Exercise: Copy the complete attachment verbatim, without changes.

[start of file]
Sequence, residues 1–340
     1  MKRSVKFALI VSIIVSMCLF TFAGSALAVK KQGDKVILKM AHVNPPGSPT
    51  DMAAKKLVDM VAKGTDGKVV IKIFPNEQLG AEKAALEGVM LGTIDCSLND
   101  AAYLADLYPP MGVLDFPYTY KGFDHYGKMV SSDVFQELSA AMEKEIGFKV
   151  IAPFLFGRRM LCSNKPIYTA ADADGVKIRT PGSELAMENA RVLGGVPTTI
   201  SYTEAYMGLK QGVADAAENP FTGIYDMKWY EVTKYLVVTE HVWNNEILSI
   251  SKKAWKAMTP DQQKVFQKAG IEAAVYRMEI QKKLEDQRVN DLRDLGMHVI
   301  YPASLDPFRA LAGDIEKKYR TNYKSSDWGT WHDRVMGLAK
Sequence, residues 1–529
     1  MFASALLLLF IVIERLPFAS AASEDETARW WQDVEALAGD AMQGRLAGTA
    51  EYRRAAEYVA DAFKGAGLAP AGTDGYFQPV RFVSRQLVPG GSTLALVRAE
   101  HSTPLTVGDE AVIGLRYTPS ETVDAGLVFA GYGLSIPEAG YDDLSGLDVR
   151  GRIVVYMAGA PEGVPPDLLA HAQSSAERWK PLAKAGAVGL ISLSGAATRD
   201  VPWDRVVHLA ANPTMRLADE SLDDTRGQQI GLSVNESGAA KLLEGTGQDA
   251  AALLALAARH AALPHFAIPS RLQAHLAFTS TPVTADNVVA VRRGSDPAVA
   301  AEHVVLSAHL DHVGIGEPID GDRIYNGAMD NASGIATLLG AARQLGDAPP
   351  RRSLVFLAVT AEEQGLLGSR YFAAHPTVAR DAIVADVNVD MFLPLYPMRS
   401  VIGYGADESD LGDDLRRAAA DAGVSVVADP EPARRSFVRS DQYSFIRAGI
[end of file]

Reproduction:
Sequence, residues 1–340
     1  MKRSVKFALI VSIIVSMCLF TFAGSALAVK KQGDKVILKM AHVNPPGSPT
    51  DMAAKKLVDM VAKGTDGKVV IKIFPNEQLG AEKAALEGVM LGTIDCSLND
   101  AAYLADLYPP MGVLDFPYTY KGFDHYGKMV SSDVFQELSA AMEKEIGFKV
   151  IAPFLFGRRM LCSNKPIYTA ADADGVKIRT PGSELAMENA RVLGGVPTTI
   201  SYTEAYMGLK QGVADAAENP FTGIYDMKWY EVTKYLVVTE HVWNNEILSI
   251  SKKAWKAMTP DQQKVFQKAG IEAAVYRMEI QKKLEDQRVN DLRDLGMHVI
   301  YPASLDPFRA LAGDIEKKYR TNYKSSDWGT WHDRVMGLAK
Sequence, residues 1–529
     1  MFASALLLLF IVIERLPFAS AASEDETARW WQDVEALAGD AMQGRLAGTA
    51  EYRRAAEYVA DAFKGAGLAP AGTDGYFQPV RFVSRQLVPG GSTLALVRAE
   101  HSTPLTVGDE AVIGLRYTPS ETVDAGLVFA GYGLSIPEAG YDDLSGLDVR
   151  GRIVVYMAGA PEGVPPDLLA HAQSSAERWK PLAKAGAVGL ISLSGAATRD
   201  VPWDRVVHLA ANPTMRLADE SLDDTRGQQI GLSVNESGAA KLLEGTGQDA
   251  AALLALAARH AALPHFAIPS RLQAHLAFTS TPVTADNVVA VRRGSDPAVA
   301  AEHVVLSAHL DHVGIGEPID GDRIYNGAMD NASGIATLLG AARQLGDAPP
   351  RRSLVFLAVT AEEQGLLGSR YFAAHPTVAR DAIVADVNVD MFLPLYPMRS
   401  VIGYGADESD LGDDLRRAAA DAGVSVVADP EPARRSFVRS DQYSFIRAGI